In an interview with The University Times, the third-year astrophysics student and TCDSU STEM convenor remarks: “Presidents can promise microwaves and student centres because that’s what the role is – education is the opposite.”
A highly technical role, the union’s education officer oversees academic affairs, from helping individual students with study-related problems to sitting on University Council, the final arbiter of scholastic decisions in Trinity. Thus, candidates would do well to have a thorough understanding of the structures underpinning both College and TCDSU. They also ought to understand that the job is significantly less public-facing than the president.
“If people have a better experience and they don’t realise that that was down to my hard work, I’m okay with that”, Cummins says, “because that’s what the role dictates”.
“Other roles are about getting the plaque on the wall, being like: I’m the person who did this.”
“When it comes to education, it’s the advocacy where you’re fighting for the people who don’t have a voice themselves, or don’t even know that they can have a say.”
Summing up her motivation for running, she says: “My whole manifesto is about making sure that students don’t fall through the cracks, that people aren’t forgotten.”
Cummins is also a current Student2Student (S2S) Head Mentor, President of the Trinity branch of Irish NGO SUAS and a Trinity Access Programme (TAP) ambassador. Within the union, she has previously served as a class rep, physics convenor and undergraduate studies committee (USC) rep.
As a candidate in one of three uncontested races in this year’s elections, Cummins believes diversity in experience within the field has been hurt by the pandemic.
“Usually we have people who come out of other avenues [than within the union],” she notes.
Cummins attributes the low participation to the lack of face-to-face College that first, second and third-year students have had.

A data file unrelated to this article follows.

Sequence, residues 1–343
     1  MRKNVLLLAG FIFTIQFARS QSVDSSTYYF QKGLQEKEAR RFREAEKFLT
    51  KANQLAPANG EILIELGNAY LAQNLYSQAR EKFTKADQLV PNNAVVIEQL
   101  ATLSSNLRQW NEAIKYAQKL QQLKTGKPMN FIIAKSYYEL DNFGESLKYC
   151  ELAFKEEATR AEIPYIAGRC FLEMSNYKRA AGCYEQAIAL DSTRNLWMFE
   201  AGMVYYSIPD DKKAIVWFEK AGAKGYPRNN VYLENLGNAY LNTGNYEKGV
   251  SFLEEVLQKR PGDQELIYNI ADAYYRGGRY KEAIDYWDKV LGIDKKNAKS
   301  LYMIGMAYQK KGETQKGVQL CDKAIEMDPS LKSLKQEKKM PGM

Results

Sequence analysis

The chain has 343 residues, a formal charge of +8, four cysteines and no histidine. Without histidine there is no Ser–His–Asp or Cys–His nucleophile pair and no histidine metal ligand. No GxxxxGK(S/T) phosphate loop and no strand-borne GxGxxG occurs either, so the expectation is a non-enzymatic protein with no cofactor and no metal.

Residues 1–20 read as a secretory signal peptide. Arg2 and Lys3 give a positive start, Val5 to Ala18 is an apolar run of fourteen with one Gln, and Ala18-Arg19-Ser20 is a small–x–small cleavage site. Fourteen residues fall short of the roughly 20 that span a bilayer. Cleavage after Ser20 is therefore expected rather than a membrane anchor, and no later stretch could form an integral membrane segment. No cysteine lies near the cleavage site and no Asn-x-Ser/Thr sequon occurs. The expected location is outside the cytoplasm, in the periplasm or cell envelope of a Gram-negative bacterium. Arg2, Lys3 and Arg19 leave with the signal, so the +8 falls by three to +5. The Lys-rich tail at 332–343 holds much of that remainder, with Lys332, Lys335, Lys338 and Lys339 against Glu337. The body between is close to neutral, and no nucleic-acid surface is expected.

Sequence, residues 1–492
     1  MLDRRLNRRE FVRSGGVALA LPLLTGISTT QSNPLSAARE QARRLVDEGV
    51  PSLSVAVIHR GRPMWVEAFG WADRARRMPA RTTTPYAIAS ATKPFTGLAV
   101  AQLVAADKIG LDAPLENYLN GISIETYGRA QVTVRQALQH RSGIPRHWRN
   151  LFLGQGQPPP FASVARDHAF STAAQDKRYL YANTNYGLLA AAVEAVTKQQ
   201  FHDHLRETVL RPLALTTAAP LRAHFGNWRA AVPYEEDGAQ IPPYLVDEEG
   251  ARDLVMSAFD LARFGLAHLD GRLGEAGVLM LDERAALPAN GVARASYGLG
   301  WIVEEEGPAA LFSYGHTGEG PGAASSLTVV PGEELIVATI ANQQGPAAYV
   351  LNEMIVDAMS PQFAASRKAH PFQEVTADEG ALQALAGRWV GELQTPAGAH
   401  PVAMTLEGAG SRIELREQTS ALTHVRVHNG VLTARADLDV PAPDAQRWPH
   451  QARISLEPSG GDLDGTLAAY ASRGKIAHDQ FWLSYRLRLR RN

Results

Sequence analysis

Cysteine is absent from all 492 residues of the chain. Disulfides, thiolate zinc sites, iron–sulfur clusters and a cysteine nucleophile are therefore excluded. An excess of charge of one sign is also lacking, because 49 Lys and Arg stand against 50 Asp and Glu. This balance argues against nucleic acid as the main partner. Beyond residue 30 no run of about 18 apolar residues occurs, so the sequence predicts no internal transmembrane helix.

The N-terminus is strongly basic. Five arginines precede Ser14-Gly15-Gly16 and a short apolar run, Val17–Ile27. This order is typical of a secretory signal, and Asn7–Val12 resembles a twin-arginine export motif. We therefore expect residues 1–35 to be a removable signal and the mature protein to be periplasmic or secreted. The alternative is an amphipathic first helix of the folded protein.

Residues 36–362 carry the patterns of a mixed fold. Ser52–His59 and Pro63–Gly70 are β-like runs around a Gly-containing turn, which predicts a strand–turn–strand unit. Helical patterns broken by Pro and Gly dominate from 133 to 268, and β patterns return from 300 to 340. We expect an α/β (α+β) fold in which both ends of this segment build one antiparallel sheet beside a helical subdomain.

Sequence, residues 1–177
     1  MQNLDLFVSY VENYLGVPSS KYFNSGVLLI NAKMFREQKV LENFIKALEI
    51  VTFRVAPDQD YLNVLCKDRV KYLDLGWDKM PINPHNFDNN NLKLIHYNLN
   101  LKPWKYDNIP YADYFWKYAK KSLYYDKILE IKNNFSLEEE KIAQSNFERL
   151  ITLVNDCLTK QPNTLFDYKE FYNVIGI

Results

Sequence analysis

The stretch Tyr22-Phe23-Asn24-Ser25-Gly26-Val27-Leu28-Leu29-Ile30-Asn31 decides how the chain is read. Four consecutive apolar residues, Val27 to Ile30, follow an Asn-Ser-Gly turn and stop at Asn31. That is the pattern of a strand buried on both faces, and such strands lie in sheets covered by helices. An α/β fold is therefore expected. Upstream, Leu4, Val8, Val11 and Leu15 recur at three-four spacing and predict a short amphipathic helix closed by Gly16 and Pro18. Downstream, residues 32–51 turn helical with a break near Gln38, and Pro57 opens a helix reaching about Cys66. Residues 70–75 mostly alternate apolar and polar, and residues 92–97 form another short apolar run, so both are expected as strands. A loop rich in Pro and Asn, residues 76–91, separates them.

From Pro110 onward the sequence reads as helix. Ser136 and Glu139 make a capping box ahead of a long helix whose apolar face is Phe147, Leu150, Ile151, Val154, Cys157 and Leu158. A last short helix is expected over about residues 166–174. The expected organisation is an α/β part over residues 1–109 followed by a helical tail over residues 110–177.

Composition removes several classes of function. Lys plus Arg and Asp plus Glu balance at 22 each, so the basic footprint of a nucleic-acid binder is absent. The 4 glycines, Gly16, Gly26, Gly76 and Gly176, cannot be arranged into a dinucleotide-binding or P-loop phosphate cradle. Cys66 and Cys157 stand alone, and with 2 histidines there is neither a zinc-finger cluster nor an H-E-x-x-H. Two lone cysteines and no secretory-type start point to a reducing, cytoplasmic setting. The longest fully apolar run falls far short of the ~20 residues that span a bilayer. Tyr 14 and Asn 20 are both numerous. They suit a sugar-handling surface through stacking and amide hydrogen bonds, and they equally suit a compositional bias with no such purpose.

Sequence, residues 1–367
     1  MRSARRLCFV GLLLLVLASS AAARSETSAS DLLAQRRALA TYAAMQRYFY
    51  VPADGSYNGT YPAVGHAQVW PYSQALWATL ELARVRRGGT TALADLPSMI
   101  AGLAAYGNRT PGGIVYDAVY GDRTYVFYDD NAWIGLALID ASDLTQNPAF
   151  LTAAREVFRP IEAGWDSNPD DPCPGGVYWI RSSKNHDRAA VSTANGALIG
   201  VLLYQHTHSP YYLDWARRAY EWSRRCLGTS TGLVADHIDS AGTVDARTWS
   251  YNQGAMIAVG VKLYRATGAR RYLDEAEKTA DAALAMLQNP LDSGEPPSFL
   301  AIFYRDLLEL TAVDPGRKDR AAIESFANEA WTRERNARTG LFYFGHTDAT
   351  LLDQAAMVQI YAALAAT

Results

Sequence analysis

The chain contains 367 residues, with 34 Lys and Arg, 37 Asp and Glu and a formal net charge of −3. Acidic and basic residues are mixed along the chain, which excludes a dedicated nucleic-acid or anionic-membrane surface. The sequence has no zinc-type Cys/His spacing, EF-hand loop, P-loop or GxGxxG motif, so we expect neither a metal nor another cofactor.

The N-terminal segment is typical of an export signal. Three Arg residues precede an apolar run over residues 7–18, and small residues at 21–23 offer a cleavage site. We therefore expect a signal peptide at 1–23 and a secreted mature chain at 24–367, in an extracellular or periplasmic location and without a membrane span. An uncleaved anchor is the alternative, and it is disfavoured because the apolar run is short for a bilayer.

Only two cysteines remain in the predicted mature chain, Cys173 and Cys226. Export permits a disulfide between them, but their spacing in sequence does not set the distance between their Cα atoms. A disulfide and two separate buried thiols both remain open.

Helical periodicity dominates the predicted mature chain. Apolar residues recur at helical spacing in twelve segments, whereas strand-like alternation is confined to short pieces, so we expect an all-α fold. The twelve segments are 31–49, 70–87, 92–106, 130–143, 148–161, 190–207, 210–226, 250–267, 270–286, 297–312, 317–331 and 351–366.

“It can come across as intimidating, because they haven’t had as much experience in-person.”
“Let’s face it”, she adds candidly, “everyone running this year is part of a ‘star attack’, they’ve been around for a few years, half of them are on UF [Union Forum].”
The role has a history of attracting science students: In last year’s education race then-deputy STEM convenor Bev Genockey beat out STEM convenor Daniel O’Reilly in a closely contested race. Indeed, Cummins argues that STEM convenor is “the closest role you can get to being the education officer”. She believes the position requires “an attention to detail” that other roles within the union do not.
As a science student, she adds, she has “three times the contact hours of arts students”.
“That is a credit to STEM students who do get involved”, Cummins says. “The fact that they have limited time, I think, shows the passion they have [for the union].”
Cummins believes Genockey “would say herself that she wasn’t the most experienced going into the role”. But nevertheless she said this year’s education officer “has done a very good job”, in the candidate’s view.
Suggesting the union could have been “more proactive” in its fight for exam mitigation last semester measures, Cummins believes hindsight might show that “more co-operation” with groups like Students4Change was required.
Ultimately, in spite of union lobbying, the mitigation measures available to students earlier in the pandemic were not approved.